The latter should not come as a surprise to China, and the reason why such double standards are allowed to exist in a US superpower legacy world is because neither Japan nor the US believe China would actually dare to re-escalate further. However, in a world in which the US is no longer an undisputed superpower (especially in the aftermath of the Syrian debacle in which Putin schooled the Obama administration) that is changing.
The first clear indication that China would not just sit there and do nothing, came overnight when China’s first aircraft carrier, the Liaoning, passed through the Taiwan Strait on Thursday morning on its way to a training mission in the South China Sea.
Naturally, the training mission is just the pretext. China’s long-running if dormant feud with Taiwan, officially the Republic of China, is perhaps the best proxy of US interests in the region, where thanks to the Taiwan Relations Act of 1979, the US sells arms and provides military training to the Taiwanese armed forces. China considers US involvement disruptive to the stability of the region, and made that quite clear in 2010 when Obama announced the decision to sell $6.4 billion in military hardware to the island leading to threats of economic sanctions from the mainland.
Which is why China crossing the Straits of Taiwan for the first time with its brand new aircraft carrier is nothing short of a message to Obama. From Xinhua:
It took about 10 hours for the carrier and its four escort ships to get through the strait separating the Chinese mainland and Taiwan.
The Liaoning entered the Taiwan Strait on Wednesday afternoon after it left its home port in Qingdao of east China’s Shandong Province on Tuesday for the South China Sea on a scientific and training mission.
It was escorted by two missile destroyers, the Shenyang and Shijiazhuang, and two missile frigates, the Yantai and Weifang.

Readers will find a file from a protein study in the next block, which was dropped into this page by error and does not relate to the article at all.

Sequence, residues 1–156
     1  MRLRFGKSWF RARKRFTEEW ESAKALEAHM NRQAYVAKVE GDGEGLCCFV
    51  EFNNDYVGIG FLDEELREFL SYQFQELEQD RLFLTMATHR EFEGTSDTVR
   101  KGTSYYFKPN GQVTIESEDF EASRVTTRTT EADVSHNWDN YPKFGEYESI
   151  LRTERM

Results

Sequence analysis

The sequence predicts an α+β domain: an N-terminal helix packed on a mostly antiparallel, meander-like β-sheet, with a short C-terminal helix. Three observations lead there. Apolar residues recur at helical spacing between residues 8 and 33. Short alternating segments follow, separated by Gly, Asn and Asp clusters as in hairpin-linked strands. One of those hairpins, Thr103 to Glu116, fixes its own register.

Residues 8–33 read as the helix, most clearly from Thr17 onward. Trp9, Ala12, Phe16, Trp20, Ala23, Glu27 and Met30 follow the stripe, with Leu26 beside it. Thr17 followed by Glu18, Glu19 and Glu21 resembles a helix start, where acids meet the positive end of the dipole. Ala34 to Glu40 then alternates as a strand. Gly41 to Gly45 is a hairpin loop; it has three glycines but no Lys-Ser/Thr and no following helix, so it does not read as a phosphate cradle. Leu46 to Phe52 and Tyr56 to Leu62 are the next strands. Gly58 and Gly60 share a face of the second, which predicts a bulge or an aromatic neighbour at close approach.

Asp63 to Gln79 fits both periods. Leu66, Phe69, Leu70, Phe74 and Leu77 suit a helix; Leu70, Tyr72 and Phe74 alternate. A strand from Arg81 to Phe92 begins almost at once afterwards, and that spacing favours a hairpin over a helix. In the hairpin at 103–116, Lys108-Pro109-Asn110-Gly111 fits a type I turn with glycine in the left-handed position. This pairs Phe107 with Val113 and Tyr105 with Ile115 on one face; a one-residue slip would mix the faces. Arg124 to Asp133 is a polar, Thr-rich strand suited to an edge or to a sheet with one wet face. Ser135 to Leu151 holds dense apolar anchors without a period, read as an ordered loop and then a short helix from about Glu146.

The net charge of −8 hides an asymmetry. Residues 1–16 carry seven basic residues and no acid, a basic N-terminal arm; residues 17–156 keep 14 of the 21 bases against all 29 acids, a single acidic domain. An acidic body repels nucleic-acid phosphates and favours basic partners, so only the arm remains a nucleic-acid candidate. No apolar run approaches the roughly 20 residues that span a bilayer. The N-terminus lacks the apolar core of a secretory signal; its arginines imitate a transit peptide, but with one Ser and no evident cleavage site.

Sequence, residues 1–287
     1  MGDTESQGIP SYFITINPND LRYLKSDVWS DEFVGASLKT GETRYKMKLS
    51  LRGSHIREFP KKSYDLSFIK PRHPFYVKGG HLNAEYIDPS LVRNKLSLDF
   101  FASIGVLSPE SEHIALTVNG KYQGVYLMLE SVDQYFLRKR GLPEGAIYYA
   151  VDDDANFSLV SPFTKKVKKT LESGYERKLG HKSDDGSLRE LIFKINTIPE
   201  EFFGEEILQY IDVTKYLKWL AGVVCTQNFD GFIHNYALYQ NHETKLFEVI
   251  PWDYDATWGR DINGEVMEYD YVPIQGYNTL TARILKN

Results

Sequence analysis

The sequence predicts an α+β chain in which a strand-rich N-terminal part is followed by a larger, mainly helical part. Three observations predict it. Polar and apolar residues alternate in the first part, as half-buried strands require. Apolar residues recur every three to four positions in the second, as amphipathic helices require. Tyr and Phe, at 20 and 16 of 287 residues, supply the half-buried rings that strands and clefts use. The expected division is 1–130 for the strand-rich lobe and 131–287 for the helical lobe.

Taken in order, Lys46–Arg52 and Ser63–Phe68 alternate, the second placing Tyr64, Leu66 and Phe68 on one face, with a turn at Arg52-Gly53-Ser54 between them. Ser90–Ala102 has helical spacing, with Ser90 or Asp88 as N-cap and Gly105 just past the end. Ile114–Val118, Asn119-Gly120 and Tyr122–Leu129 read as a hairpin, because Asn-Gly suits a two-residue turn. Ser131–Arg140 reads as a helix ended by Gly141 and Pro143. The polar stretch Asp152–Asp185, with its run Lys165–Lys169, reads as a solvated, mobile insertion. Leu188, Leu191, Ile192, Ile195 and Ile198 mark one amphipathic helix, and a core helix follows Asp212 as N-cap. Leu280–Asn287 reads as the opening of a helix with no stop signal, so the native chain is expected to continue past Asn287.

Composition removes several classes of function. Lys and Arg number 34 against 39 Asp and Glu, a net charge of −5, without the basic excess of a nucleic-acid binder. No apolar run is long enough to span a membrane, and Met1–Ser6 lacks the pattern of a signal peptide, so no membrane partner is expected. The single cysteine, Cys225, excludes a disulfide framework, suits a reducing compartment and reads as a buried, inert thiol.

The narrative gets scarier:
“During the voyage, the carrier has kept a high degree of vigilance against approaches from foreign warships and aircraft, according to Liaoning Captain Zhang Zheng. This is the first time the carrier has conducted a cross-sea training voyage and passed through the Taiwan Strait since it was commissioned into the People’s Liberation Army (PLA) Navy in September last year, according to Zhang.”
But where it gets worst is that as BBC reported minutes ago, China has not only sent a symbolic message to the US, but a very literal one to Japan and everyone else who thought China would just sit there and do nothing, when it dispatched its own warplanes over the air defense zone.
China has sent warplanes to its newly declared air defence zone in the East China Sea, state media reports.
The vast zone, announced last week, covers territory claimed by China, Japan, Taiwan and South Korea.
China has said all planes transiting the zone must file flight plans and identify themselves, or face “defensive emergency measures”. But Japan, South Korea and the US have all since flown military aircraft through the area.
China’s state news agency Xinhua quoted an air force colonel as saying the the warplanes had carried out routine patrols. The zone includes islands known as Senkaku in Japan and Diaoyu in China, which are claimed by Japan, China and Taiwan.